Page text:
A Book’s First Chapter

When I started writing my book I envisioned a flash-bang-wallop start that shook the reader up. You know, throw the reader into the middle of noisy mayhem. (and I still like the idea of doing that).

All the advice given to writers is to grab the reader by the lapels on the first page. But as I redrafted the book and reworked and reworked the first chapters I decided to wind the readers in to the story by slightly devious means. In the finished version, the story starts with a retired German policeman watching a group of people in a coffee shop. They’re a weird looking crew and he worries in case they’ll cause trouble for the cafe and its owner. He’s quietly in love with Elise, the owner, but she’s been playing it cool. The way women do.

The story opens in Munich in Germany. In a cafe styled like a Starbucks, because the owner likes to keep up with current trends. The windows stream with rain and Max, the policeman, is in his favourite chair keeping an eye on things. He knows from experience what people will do next. Usually.

I read the chapter over recently while I sorted the book out for upload to CreateSpace. Every time I do an edit or look at the book for any reason I get engrossed in the story and a part of me wonders what will come next. Which strikes me as an odd thing for the writer of the book to think.

So, reading it again I was struck by how the chapter had changed since its first outing. As it was rewritten again and again the basic structure stayed the same but more and more detail crept in. Text was layered on text but the chapter never increased in size, its still one and a half pages long. But the slight touches to the descriptions and some nuances to the sentences have created (pardon me saying this since I’m the author) a depth that the reader can wander through.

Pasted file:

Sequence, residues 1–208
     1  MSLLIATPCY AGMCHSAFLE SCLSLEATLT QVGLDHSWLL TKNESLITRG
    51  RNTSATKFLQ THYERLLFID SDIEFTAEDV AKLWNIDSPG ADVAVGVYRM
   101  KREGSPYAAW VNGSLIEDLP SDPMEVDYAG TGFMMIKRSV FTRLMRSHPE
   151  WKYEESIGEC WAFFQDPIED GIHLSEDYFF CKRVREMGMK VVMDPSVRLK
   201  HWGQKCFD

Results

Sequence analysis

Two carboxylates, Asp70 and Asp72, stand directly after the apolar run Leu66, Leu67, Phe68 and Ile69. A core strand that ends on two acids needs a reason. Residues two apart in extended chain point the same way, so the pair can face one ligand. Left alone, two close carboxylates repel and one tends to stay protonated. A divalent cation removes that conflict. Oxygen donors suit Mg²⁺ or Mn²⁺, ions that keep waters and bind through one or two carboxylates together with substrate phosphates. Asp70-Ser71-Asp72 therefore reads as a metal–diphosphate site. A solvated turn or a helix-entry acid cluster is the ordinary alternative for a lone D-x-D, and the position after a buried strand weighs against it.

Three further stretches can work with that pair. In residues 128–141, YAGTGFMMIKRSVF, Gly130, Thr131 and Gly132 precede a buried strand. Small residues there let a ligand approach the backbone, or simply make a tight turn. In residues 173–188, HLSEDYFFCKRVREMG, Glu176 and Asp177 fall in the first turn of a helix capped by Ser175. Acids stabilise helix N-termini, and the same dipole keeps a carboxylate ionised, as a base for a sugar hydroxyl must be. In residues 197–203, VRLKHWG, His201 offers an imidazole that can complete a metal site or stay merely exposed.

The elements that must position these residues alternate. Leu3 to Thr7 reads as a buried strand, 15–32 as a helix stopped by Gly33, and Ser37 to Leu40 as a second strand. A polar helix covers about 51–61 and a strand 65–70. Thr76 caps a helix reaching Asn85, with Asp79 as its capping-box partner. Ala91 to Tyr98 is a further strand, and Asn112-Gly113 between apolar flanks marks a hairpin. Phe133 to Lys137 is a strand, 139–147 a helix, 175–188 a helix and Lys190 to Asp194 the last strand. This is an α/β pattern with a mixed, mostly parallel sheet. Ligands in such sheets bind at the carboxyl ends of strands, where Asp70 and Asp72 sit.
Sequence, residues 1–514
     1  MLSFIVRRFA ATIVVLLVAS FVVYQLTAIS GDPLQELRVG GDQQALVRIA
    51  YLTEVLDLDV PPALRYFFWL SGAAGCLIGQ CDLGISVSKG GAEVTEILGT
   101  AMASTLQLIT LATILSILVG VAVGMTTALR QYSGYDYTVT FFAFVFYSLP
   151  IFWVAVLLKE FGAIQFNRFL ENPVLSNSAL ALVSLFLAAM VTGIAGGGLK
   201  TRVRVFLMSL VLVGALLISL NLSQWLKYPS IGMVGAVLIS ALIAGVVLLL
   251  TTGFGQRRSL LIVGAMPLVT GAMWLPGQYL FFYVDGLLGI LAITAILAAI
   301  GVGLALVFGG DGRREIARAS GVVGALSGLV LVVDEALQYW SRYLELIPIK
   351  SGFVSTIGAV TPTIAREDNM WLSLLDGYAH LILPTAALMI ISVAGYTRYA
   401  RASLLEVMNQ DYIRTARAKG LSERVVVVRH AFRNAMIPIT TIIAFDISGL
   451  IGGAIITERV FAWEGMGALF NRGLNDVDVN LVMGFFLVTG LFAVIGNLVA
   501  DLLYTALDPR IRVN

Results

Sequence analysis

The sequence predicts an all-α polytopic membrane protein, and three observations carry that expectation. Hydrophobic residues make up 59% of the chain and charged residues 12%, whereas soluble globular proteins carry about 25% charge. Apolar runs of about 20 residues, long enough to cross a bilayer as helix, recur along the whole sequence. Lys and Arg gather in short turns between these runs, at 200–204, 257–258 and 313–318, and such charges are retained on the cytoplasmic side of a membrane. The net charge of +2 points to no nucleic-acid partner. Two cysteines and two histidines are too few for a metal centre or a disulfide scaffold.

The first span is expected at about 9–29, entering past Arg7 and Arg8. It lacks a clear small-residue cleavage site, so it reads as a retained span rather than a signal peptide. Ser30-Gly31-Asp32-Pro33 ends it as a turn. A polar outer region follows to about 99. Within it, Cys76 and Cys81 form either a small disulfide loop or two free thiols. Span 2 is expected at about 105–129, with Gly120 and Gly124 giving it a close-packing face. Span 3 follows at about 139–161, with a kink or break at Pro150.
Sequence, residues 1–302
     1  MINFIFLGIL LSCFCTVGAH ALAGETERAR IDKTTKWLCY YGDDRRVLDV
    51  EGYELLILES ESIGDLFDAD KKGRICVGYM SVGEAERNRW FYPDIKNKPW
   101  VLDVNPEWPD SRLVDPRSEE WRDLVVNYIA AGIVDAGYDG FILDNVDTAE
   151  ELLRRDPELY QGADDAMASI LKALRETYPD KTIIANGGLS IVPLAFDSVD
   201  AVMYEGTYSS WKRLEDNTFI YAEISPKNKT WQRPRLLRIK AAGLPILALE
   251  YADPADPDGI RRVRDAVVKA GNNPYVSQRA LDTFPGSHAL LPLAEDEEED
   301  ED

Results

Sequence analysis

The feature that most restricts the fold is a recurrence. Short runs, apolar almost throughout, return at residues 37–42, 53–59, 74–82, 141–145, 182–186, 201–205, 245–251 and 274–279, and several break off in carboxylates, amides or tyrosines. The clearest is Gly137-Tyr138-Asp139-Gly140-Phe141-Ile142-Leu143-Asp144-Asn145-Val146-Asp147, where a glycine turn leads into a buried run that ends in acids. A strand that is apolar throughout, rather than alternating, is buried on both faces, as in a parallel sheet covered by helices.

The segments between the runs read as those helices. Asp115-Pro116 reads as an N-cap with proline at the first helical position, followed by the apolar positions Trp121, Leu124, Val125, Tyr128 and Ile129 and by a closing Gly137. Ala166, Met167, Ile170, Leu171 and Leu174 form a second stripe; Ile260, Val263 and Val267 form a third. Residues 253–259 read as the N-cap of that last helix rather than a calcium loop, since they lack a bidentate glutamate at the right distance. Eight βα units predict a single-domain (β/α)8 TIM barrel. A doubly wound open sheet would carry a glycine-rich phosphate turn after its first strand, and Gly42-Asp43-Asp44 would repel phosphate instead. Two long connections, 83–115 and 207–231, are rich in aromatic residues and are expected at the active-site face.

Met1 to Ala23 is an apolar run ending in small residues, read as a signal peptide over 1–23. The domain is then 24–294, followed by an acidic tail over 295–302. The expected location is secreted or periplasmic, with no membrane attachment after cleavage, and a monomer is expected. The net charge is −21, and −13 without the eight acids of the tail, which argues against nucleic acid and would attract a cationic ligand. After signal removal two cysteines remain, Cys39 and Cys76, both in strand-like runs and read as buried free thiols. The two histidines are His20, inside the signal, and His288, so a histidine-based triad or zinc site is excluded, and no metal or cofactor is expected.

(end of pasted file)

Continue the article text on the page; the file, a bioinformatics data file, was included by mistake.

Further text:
At one point Elise finds that Max is carrying a gun and she flashes with anger touched with concern.The sentence also embeds a memory in the readers’ minds for a significant event in the next chapter. The gun is there to tell the reader that it’s not a lightweight story, there’s violence to come. The trick was to show all of that to the reader in one short burst using as few words as possible.

Reading it struck me that I’d fallen upon one of the secrets of writing, to rewrite and keep adding to the story but to use the same number of words or thereabouts. To keep enriching the experience of the reader with touches that they might not consciously see, until they feel as if they were sitting beside the retired policeman watching the scene. But without making the prose dense or confusing.

I also paint (portraits mainly) and the analogy of starting with the basic outline then working and working at a face to put layers and layers on the canvas to give the image depth, is the same process as writing. The reader doesn’t realise that they’re looking at the work of days and nights to make every small detail just the way the writer intended. But they enjoy the experience even though they may not understand why.

And it doesn’t matter, because they should be concerned with what happens to the characters next and not about how the writer transported them to that place and time.